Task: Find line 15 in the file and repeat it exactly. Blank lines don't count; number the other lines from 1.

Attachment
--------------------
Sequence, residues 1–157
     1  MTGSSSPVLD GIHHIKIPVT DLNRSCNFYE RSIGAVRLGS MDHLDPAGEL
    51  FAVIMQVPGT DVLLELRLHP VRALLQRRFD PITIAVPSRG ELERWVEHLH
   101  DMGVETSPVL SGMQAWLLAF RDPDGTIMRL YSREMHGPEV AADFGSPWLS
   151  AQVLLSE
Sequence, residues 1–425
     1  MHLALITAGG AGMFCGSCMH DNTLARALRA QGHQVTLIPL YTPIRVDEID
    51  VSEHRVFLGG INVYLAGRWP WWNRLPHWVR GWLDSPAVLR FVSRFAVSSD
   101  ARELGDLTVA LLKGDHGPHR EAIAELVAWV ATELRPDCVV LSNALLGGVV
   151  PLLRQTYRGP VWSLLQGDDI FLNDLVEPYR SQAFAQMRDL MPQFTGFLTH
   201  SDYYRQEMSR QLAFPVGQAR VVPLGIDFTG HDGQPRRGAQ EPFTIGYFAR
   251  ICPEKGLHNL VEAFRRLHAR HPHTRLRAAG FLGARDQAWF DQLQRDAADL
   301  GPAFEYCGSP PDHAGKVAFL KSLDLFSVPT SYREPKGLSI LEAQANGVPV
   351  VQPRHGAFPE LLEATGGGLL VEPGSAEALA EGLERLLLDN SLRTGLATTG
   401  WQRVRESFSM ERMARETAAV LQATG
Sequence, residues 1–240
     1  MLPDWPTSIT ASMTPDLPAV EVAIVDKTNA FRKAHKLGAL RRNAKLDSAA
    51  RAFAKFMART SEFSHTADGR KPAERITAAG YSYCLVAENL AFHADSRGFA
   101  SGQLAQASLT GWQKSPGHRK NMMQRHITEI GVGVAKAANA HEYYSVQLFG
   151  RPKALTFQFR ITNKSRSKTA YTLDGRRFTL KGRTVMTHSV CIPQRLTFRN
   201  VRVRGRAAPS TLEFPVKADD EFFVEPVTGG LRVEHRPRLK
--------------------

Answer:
   401  WQRVRESFSM ERMARETAAV LQATG